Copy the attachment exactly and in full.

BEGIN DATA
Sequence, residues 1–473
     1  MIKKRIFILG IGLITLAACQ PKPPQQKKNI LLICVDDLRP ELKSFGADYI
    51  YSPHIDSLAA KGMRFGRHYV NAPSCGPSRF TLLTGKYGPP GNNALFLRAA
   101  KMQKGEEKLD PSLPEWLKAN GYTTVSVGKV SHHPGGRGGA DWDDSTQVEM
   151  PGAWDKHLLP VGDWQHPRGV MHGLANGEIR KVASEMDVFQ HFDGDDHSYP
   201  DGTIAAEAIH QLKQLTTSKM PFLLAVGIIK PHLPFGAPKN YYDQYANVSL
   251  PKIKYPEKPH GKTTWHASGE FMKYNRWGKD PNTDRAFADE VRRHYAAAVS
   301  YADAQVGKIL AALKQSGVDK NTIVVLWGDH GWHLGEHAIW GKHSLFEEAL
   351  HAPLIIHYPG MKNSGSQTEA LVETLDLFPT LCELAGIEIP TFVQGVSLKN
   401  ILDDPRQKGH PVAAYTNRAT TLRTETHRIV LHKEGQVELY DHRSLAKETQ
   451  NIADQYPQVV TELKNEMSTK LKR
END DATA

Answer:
Sequence, residues 1–473
     1  MIKKRIFILG IGLITLAACQ PKPPQQKKNI LLICVDDLRP ELKSFGADYI
    51  YSPHIDSLAA KGMRFGRHYV NAPSCGPSRF TLLTGKYGPP GNNALFLRAA
   101  KMQKGEEKLD PSLPEWLKAN GYTTVSVGKV SHHPGGRGGA DWDDSTQVEM
   151  PGAWDKHLLP VGDWQHPRGV MHGLANGEIR KVASEMDVFQ HFDGDDHSYP
   201  DGTIAAEAIH QLKQLTTSKM PFLLAVGIIK PHLPFGAPKN YYDQYANVSL
   251  PKIKYPEKPH GKTTWHASGE FMKYNRWGKD PNTDRAFADE VRRHYAAAVS
   301  YADAQVGKIL AALKQSGVDK NTIVVLWGDH GWHLGEHAIW GKHSLFEEAL
   351  HAPLIIHYPG MKNSGSQTEA LVETLDLFPT LCELAGIEIP TFVQGVSLKN
   401  ILDDPRQKGH PVAAYTNRAT TLRTETHRIV LHKEGQVELY DHRSLAKETQ
   451  NIADQYPQVV TELKNEMSTK LKR